"Kenny's Law" reaches senate committee following Glasgow teen's death
JEFFERSON CITY - State lawmakers said they are taking steps to combat the teenage suicide rate in Missouri, after a case in Missouri caught national attention.
Senator Jamilah Nasheed (D-St. Louis), who lost her mother to suicide, is sponsoring Senate Bill 791, which would make it illegal to "incite someone to take their own life." Some people are referring to it as "Kenny's Law," since Nasheed is working with residents from Glasgow where Kenneth Suttner took his own life in 2016. He was allegedly bullied by his manager at Dairy Queen leading up to his suicide.
Nasheed said she knows how it impacts the lives of those close to anyone who takes their own life, and she wants to make sure no one is making the situation worse.
"I take it serious, because I was without a mother due to suicide," Nasheed said. "I know how it impacts the lives of families."
The lawyer handling Kenny's case, Howard County Special Prosecutor April Wilson, said this legislation is important because teens are being desensitized to bullying, and even joking about suicide.
"You say things over Instagram or Facebook that you would never say in person," Wilson.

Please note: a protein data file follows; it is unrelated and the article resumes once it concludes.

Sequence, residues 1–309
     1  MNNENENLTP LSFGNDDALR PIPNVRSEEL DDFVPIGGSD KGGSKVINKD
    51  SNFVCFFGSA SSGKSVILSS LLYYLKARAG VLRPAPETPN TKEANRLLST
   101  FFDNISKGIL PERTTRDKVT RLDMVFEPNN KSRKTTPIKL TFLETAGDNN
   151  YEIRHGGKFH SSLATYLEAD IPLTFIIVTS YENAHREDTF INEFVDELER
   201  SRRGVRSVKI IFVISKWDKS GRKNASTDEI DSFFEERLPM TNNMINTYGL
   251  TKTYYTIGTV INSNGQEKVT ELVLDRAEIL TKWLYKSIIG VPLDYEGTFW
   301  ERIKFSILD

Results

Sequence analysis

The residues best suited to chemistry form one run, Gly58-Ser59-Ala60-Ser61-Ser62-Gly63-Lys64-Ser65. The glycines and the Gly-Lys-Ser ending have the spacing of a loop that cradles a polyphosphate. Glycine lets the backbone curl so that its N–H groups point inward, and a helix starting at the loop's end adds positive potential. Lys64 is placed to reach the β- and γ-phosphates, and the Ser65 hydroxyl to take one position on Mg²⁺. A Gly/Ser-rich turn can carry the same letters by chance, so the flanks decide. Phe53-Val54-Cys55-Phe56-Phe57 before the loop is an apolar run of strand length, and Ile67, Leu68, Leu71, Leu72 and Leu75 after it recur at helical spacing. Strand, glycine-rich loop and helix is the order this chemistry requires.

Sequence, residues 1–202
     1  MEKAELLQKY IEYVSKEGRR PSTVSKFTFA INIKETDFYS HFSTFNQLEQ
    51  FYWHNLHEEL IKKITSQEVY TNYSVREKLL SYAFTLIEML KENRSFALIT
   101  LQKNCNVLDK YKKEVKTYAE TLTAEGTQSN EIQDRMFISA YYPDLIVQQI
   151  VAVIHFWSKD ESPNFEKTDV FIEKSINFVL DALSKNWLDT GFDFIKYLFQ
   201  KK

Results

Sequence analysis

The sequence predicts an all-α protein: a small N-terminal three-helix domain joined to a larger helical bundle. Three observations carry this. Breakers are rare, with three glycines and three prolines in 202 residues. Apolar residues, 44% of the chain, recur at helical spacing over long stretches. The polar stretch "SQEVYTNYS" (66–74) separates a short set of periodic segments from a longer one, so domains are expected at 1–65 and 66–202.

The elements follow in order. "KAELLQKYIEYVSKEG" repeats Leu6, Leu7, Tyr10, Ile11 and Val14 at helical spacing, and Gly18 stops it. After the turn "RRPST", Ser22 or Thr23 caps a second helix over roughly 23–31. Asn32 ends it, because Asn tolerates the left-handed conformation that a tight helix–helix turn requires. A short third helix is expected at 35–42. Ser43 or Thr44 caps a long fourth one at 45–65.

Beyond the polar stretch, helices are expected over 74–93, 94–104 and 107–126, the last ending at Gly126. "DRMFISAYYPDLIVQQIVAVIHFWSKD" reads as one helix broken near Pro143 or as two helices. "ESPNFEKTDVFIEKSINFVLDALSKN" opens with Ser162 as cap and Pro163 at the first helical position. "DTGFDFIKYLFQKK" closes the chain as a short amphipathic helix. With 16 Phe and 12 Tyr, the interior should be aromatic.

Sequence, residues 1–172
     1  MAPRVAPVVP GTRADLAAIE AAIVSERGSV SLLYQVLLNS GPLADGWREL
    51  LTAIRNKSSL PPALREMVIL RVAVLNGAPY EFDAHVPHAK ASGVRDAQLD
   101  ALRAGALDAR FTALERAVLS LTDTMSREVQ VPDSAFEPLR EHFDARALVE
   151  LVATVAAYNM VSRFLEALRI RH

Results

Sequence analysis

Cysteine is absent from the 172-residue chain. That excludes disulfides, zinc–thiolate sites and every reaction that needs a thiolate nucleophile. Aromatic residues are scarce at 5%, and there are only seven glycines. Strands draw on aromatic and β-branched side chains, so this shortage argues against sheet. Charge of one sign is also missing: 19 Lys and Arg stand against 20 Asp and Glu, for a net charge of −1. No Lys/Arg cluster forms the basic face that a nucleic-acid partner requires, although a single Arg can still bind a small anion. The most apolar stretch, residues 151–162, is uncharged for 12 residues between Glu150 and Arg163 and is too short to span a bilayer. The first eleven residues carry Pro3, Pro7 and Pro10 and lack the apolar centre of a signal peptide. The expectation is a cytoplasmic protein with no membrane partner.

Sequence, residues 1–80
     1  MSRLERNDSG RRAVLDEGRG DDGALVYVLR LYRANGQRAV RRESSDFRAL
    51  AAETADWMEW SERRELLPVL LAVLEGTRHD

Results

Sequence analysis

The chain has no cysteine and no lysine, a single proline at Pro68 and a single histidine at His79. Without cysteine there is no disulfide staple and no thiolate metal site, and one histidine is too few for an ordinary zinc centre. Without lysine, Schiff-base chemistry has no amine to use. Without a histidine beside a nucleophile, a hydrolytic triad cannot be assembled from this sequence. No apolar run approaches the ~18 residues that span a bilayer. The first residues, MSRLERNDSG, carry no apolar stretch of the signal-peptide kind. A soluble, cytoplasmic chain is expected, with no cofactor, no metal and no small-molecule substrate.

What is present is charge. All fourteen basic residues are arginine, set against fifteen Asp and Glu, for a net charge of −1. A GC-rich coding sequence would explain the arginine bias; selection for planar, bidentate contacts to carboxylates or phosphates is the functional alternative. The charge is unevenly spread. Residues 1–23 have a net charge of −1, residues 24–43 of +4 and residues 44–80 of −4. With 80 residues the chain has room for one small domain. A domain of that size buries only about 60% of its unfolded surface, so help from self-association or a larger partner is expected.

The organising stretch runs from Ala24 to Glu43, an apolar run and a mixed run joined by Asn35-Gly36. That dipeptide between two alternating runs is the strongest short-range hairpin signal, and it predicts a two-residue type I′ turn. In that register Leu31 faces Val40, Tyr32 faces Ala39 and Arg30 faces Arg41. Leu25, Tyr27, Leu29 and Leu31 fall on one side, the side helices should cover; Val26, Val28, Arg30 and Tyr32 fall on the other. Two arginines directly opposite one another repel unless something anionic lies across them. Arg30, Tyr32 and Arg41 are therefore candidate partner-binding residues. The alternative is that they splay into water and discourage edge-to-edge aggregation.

She said her research has shown her that teens are making punch-lines out of what is a very serious issue.
Senator Nasheed and others spoke in favor of the bill during committee on Monday, including some attendees sporting "Suttner Strong" t-shirts, in support of Kenneth Suttner and his family.
While the bill faced no direct opposition, many lawmakers expressed concerns about the language over what constitutes "inciting someone to take their own life."
The bill will have to be voted out of the Judiciary and Civil and Criminal Jurisprudence committee, chaired by Senator Bob Dixon (R-Springfield), before moving on to either legislative body. The committee is expected to vote on the bill in the next couple of weeks.
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